I really didnt thrash the bike too hard, but certainly dont treat it like a harley.. i get stuck in the mud, flip it over on the trails and go 100 km/h to commute between towns.. is this too much to ask of the tw200? It did everything i asked of it until it imploded. One more thing to consider is that none of these mechanics own/ have ridden a tw for any great length of time- they are sport bike/ big dual sport guys. Sometimes i feel like they just scoff at the mule and stop listening when i mention stuff i have read on the forums.



    Can someone just confirm for me that they ride at 100km/h for over an hour without problems? Otherwise it may be time to say goodbye
    1989 Tw200
    1991 Tw200
    2008 WR250R
    2004 Ford Ranger FXR Lvl II

  7. #6
    Banned qwerty's Avatar
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    It is certainly possible that your top end failure was due to manufacturing defect or over-revving, but I wouldn't bet on it without seeing the parts. A manufacturing defect leading to a top end failure will usually cause the failure very early in the bike's life. As for over-revving, that would almost have to be done on purpose since a TW200 stops making power 2000+rpm before it floats the valves.



    More likely the cause of top end failure is an oiling problem. This can take several forms.



    First, the infamous 2-hole oil filter problem.



    Second, using a modern engine oil that does not provide sufficient extreme pressure protection.



    Third, operating the engine at an insufficient rpm to pump oil to the top end. This could be from lugging the engine against too tall a drive ratio or from insufficient idle speed.



    EDIT: 100kph for extended lengths of time will not harm the engine. I've ridden that or faster 200+km at a time, refueled, topped the oil, then did it again, again, again, ..., for 1700+km in a day. Tdub has 77 xxxkm on her and still on the original top end parts.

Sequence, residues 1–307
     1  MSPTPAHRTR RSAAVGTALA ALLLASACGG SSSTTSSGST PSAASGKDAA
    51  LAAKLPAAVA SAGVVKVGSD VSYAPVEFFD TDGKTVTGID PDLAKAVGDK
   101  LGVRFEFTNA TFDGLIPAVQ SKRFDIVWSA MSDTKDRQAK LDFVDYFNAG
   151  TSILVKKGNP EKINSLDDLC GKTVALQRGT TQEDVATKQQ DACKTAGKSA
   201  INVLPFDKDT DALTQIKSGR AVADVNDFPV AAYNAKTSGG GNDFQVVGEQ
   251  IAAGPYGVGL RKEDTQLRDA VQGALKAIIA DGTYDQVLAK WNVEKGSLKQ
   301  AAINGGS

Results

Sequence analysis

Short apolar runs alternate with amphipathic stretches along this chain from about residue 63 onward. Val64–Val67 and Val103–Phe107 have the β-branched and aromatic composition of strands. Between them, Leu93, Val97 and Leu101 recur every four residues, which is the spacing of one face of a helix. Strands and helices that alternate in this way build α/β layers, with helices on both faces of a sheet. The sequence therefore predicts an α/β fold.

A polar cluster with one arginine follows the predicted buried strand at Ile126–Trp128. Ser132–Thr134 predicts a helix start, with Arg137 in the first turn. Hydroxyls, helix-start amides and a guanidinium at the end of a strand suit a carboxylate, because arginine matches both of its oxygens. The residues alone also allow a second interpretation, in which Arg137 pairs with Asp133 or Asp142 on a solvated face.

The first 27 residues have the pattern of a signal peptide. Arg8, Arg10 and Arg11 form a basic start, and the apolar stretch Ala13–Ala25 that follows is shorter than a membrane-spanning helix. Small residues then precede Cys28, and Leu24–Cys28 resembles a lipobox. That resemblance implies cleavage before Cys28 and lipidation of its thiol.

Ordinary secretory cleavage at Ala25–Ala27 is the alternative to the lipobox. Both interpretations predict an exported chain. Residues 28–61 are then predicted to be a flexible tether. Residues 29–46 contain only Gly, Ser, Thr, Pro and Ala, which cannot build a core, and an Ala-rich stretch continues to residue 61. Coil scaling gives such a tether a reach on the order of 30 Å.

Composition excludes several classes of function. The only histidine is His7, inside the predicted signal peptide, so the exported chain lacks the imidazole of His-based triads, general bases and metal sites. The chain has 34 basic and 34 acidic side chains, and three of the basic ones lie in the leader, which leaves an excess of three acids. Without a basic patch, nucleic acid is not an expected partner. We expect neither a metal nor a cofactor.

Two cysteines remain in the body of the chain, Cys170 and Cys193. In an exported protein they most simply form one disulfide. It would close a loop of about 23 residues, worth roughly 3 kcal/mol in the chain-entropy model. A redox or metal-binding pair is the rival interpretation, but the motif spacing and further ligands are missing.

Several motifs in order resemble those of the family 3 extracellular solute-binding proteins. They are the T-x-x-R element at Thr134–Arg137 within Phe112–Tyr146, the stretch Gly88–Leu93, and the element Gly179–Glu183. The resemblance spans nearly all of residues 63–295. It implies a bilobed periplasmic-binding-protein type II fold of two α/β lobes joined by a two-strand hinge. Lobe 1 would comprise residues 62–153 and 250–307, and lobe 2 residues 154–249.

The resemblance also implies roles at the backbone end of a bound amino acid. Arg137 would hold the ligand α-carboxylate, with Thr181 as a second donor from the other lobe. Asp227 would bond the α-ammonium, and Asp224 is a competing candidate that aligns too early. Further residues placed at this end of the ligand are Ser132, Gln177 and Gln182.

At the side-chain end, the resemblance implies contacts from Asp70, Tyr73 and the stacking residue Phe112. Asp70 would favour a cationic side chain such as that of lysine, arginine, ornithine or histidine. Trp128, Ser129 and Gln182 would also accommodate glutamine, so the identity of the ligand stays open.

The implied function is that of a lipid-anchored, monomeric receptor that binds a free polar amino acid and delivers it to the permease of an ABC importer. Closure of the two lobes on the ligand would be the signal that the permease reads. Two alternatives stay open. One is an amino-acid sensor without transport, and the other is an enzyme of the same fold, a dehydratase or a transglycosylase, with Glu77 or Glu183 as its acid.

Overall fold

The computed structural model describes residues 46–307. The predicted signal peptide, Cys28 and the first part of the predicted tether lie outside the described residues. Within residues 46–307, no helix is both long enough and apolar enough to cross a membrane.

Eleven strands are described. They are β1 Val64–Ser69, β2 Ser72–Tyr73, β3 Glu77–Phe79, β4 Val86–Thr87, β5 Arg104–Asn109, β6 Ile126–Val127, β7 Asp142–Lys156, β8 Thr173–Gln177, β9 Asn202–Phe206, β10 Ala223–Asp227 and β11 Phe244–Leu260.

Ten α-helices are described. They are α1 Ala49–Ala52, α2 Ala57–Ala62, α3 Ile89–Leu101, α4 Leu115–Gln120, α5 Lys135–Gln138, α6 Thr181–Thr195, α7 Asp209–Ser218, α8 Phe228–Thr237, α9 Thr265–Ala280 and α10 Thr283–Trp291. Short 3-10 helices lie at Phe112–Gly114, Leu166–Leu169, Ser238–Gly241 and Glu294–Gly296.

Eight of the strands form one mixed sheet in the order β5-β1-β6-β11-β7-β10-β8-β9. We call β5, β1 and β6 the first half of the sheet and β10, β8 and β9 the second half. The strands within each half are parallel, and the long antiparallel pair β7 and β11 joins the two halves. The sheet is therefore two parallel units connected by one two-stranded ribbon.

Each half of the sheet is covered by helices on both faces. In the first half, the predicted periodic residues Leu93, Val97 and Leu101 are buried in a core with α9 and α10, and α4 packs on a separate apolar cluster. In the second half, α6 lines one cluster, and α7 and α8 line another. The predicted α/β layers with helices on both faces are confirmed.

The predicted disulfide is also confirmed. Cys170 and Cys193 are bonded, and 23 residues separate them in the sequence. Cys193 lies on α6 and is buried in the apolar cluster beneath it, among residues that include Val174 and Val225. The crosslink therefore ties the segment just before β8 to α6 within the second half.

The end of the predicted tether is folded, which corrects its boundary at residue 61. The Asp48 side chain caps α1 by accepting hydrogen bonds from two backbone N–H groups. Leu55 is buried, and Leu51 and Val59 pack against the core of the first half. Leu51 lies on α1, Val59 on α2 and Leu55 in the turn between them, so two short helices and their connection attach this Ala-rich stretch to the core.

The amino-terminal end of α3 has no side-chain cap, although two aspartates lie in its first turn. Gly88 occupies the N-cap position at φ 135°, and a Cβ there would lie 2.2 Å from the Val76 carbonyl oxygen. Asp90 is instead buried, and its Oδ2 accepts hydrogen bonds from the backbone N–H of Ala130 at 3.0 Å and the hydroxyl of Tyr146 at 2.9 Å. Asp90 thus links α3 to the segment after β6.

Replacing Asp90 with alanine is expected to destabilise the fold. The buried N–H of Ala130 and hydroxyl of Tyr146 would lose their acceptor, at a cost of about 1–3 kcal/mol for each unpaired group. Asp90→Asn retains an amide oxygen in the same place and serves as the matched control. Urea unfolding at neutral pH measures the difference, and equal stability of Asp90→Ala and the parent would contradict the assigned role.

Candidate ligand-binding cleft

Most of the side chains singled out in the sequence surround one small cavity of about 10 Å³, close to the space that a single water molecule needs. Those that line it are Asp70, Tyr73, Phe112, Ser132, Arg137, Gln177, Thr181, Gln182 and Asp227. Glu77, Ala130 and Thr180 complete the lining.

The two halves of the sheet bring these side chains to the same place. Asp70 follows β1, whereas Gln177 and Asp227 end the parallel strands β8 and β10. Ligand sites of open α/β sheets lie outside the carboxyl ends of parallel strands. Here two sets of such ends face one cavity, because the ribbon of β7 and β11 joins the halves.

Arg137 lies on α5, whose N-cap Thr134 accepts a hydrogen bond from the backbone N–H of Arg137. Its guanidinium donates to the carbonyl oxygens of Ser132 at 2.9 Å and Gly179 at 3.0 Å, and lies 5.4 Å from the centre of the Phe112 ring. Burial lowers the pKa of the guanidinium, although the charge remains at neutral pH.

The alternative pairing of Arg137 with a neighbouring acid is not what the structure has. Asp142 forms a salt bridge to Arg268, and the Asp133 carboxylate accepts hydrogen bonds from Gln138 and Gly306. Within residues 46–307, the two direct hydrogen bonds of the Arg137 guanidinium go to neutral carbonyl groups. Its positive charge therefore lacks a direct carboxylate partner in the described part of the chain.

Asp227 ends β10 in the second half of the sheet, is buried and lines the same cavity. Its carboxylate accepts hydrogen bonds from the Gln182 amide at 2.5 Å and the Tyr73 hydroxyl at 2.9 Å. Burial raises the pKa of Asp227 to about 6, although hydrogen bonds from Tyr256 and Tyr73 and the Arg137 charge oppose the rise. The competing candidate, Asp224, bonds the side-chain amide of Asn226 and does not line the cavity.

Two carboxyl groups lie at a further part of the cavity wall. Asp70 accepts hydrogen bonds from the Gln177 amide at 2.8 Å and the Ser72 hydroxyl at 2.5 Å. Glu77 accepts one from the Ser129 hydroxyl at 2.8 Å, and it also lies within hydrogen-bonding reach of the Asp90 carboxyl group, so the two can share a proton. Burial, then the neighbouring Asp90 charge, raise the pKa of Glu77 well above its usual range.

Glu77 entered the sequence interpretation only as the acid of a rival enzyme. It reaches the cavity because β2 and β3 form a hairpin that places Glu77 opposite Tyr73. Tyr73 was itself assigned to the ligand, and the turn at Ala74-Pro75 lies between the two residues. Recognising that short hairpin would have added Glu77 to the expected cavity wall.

8. #7
    Senior Member old mad max's Avatar
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    I've ridden at least 60/65 mph. for a 100 miles before.... Not often but I have done it with my riding buddy on his dub.... No problems.. I've "NEVER" had to add oil between changes.... It's stayed in the window... 9,000 miles now... I never ride it hard for the first 5 miles or so. Hardly ever punch it from zero to top end.... Broke it in by the book.. Both our bikes run the same... Mine does shift smoother, and feel smoother a 60+... OMM.

  9. #8
    Senior Member Drapes's Avatar
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    Quote Originally Posted by qwerty View Post
    It is certainly possible that your top end failure was due to manufacturing defect or over-revving, but I wouldn't bet on it without seeing the parts. A manufacturing defect leading to a top end failure will usually cause the failure very early in the bike's life. As for over-revving, that would almost have to be done on purpose since a TW200 stops making power 2000+rpm before it floats the valves.



    More likely the cause of top end failure is an oiling problem. This can take several forms.



    First, the infamous 2-hole oil filter problem.



    Second, using a modern engine oil that does not provide sufficient extreme pressure protection.



    Third, operating the engine at an insufficient rpm to pump oil to the top end. This could be from lugging the engine against too tall a drive ratio or from insufficient idle speed.



    EDIT: 100kph for extended lengths of time will not harm the engine. I've ridden that or faster 200+km at a time, refueled, topped the oil, then did it again, again, again, ..., for 1700+km in a day. Tdub has 77 xxxkm on her and still on the original top end parts.


    the mechanics didnt say anything about oil, and ive checked the 10mm/phillips head bolt that is on the top end constantly, and after oil changes.



    im suspicious of an improper break in, as i got stuck in the mud very early in the bikes life. would a damaged piece last 5700km? i work in the shipyard, and have seen crazier things last a long long time so im well aware of the "magic"- sometimes things just keep ticking..



    ive put another 100 km on it since the rebuild, and its running beautifully. One thing i have noticed is a small amount of oil weeping from under the cam chain adjuster somewhere (cant quite tell where) that only appears once the engine is shut off. Also it only appears on the left side of the bike, as it leans that way on the kickstand. Ide say half a teaspoon at most.
    1989 Tw200
    1991 Tw200
    2008 WR250R
    2004 Ford Ranger FXR Lvl II